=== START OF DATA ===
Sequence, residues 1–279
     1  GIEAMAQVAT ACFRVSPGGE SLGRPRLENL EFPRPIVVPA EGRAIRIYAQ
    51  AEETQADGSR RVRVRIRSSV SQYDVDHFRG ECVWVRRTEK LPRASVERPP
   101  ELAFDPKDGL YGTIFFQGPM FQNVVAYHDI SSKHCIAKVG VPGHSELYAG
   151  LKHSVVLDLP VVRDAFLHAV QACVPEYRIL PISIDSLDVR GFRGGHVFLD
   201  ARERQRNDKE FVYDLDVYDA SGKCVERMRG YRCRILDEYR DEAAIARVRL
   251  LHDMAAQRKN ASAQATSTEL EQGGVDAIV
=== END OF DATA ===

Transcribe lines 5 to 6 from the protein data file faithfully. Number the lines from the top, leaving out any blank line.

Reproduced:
   151  LKHSVVLDLP VVRDAFLHAV QACVPEYRIL PISIDSLDVR GFRGGHVFLD
   201  ARERQRNDKE FVYDLDVYDA SGKCVERMRG YRCRILDEYR DEAAIARVRL